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Hansen's disease

Hansen's disease, also known as leprosy, is an infectious disease caused by infection by Mycobacterium leprae[?], named after its discoverer G. A. Hansen. Sufferers from Hansen's disease have generally been called lepers, although term is falling into disuse both from the diminishing number of leprosy patients and from pressure to avoid the demeaning connotations of the term.

Leprosy used to be incurable, and severely disfiguring. Lepers were shunned and sequestered in "leper colonies". Now known as Hansen's disease, leprosy is easily curable by multidrug antibiotic therapy.

The main challenges for Hansen's disease elimination efforts are to reach populations that have not yet received multidrug therapy services, improve detection of the disease, and provide patients with high-quality services and free drugs.

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Clinical Features

This chronic infectious disease usually affects the skin and peripheral nerves but has a wide range of possible clinical manifestations. Patients are classified as having paucibacillary or multibacillary Hansen's disease. Paucibacillary Hansen's disease is milder and characterized by one or more hypopigmented skin macules. Multibacillary Hansen's disease is associated with symmetric skin lesions, nodules, plaques, thickened dermis, and frequent involvement of the nasal mucosa resulting in nasal congestion and epistaxis.

Etiologic Agent

The cause of this disease is a bacillus, Mycobacterium leprae, that multiplies very slowly and mainly affects the skin, nerves, and mucous membranes. The organism has never been grown in bacteriologic media or cell culture, but has been grown in mouse foot pads. It is related to M. tuberculosis, the bacillus that causes tuberculosis.


In 1999, the world incidence of Hansen's disease was estimated to be 640,000; and in 2000, 738,284 cases were identified. In 1999, 108 cases occurred in the United States. In 2000, the World Health Organization (WHO) listed 91 countries in which Hansen's disease is endemic, with India, Myanmar, and Nepal having 70% of cases.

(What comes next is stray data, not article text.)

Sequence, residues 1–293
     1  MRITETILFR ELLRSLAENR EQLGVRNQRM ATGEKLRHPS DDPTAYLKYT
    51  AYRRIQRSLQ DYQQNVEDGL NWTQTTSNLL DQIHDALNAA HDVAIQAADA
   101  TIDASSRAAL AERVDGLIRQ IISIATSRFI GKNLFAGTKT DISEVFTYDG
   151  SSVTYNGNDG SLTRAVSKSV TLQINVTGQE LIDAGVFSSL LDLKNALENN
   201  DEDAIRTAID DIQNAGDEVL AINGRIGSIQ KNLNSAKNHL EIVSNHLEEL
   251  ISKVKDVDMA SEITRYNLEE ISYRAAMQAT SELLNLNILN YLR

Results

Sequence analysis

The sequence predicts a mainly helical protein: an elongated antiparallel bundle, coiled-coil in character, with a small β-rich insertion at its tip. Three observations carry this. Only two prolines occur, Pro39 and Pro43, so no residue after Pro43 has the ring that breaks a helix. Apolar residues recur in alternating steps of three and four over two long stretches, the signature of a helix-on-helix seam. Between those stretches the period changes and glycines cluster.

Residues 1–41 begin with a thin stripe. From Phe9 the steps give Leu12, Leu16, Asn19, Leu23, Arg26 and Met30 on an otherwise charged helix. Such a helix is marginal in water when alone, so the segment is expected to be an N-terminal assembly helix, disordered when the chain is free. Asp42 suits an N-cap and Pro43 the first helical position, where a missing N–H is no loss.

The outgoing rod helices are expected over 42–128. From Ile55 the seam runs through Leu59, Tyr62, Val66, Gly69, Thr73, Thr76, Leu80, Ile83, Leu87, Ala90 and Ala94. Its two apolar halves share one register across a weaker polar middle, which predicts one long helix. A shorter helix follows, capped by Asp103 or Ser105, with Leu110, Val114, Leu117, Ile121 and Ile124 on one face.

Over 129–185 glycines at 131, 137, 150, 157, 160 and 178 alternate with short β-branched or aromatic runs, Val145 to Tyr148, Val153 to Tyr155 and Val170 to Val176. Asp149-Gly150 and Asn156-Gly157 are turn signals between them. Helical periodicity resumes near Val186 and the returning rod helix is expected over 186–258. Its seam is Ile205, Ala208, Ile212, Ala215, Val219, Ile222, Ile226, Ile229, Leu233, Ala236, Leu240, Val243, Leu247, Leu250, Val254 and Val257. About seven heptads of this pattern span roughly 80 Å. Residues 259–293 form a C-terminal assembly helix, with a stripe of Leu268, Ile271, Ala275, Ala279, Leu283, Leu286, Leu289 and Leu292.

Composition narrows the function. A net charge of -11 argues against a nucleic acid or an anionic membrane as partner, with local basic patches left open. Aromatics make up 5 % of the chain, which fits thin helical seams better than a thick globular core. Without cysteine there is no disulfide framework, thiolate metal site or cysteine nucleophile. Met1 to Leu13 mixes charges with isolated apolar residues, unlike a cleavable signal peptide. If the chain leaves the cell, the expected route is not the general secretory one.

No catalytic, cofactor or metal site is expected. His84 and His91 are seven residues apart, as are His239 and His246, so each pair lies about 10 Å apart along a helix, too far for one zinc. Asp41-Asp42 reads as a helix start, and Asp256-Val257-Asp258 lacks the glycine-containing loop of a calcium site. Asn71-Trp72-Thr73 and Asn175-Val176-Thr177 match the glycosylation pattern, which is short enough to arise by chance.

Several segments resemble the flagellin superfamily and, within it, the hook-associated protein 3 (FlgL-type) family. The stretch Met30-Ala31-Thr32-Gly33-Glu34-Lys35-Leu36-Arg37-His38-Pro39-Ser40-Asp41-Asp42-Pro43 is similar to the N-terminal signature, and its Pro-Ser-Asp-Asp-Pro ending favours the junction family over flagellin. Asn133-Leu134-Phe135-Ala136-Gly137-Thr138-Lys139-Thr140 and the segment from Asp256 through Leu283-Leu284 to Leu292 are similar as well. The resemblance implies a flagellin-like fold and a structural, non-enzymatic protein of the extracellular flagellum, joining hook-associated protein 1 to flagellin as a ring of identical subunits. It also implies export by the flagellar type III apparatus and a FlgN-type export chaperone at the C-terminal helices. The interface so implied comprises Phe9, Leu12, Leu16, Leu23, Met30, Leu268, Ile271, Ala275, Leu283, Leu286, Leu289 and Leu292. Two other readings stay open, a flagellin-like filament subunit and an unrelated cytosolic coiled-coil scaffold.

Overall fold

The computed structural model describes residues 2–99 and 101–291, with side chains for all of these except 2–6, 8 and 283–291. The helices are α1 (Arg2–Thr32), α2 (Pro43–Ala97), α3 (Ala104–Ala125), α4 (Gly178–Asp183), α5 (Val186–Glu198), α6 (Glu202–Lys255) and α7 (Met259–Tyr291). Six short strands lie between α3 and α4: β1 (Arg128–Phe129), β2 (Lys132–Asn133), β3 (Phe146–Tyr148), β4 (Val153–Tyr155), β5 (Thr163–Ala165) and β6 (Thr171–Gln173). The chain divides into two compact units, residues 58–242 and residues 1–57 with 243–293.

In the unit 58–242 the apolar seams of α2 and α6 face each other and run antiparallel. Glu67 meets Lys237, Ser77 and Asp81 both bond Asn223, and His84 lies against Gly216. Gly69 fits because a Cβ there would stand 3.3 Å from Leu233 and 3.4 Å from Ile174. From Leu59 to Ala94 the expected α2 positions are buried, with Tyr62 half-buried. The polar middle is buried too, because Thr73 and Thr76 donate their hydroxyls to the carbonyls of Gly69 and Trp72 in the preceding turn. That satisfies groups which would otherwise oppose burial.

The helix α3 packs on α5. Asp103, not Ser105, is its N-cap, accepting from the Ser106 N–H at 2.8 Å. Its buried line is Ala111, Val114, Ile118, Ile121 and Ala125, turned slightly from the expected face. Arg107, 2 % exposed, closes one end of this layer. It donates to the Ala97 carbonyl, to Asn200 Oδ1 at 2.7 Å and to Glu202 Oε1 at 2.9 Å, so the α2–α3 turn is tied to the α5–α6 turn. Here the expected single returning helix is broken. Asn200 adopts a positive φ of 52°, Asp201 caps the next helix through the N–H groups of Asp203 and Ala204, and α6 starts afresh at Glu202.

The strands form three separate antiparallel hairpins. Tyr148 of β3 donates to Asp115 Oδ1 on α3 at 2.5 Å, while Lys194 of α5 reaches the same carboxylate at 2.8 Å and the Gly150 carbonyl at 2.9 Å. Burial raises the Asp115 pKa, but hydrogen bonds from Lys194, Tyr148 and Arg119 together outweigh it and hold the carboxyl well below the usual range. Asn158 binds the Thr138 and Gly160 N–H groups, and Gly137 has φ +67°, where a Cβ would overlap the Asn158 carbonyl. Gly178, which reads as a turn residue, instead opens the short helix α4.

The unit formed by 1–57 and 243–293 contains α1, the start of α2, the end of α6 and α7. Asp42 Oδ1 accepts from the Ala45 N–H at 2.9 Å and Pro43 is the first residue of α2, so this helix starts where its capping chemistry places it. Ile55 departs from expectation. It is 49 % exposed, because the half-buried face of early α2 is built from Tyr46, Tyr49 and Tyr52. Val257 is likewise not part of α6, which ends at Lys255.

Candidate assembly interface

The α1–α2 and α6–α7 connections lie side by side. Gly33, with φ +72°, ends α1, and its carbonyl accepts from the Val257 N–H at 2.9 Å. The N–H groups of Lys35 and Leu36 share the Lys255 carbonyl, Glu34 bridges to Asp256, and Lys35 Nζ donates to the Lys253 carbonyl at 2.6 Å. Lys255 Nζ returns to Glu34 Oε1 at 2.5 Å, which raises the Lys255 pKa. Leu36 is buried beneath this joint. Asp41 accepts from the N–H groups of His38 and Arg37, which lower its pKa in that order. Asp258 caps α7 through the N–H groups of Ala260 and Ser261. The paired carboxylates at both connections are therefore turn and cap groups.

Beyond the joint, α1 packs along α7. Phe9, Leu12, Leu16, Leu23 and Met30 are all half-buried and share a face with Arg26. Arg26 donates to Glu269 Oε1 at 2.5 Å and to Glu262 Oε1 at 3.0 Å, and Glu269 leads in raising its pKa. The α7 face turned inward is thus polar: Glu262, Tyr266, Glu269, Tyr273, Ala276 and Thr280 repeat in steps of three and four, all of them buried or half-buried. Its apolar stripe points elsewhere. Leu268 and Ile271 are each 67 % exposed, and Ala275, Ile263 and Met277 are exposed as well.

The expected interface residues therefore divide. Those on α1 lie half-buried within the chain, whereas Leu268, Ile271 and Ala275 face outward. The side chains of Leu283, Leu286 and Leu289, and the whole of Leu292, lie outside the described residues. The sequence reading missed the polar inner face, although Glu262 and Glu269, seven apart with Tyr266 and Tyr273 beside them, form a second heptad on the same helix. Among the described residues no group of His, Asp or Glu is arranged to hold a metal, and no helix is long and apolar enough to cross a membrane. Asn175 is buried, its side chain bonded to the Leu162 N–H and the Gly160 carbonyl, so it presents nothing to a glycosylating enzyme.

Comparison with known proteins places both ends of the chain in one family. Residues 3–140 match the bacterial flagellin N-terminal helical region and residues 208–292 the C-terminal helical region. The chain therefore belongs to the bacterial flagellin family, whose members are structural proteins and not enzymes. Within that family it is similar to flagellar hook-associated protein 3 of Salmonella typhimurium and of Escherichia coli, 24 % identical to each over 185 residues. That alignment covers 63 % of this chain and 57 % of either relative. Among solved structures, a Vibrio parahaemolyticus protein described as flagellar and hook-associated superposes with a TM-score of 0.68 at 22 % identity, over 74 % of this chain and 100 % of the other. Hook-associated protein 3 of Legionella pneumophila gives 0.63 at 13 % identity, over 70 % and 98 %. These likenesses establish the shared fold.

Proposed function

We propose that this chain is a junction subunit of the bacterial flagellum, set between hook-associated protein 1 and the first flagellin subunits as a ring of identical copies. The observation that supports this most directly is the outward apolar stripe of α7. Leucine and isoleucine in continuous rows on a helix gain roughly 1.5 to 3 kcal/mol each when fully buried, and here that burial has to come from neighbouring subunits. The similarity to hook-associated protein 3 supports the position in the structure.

Worldwide, 1-2 million persons are permanently disabled as a result of Hansen's disease. However, persons receiving antibiotic treatment or having completed treatment are considered free of active infection.


Although the mode of transmission of Hansen's disease remains uncertain, most investigators think that M. leprae is usually spread from person to person in respiratory droplets. What is known is that the transmission rate is very low.

Risk Groups

Close contacts with patients with untreated, active, predominantly multibacillary disease, and persons living in countries with highly endemic disease.


Hansen's disease is nationally notifiable in the United States.


Incidence/prevalence has remained relatively stable in the United States. There are decreasing numbers of cases worldwide, with pockets of high prevalence in certain countries.


Hansen's disease in the Western Pacific is a particular problem and opportunities exist for participation in Hansen's disease elimination activities in endemic-disease countries, and in the Republic of the Marshall Islands.


There are a few 'leper colonies' around the world. In the United States on the tiny island of Molokai in the Hawaiian chain is the oldest leper colony in America. Government run leper colonies[?] in Japan in 2001 (http://news.bbc.co.uk/1/hi/world/asia-pacific/1350630.stm) came under judicial scrutiny ruling the Japanese govenment had mistreated the patients. Leper colonies are located in India and the Philippines, with high likelihood there are many more in many more countries.

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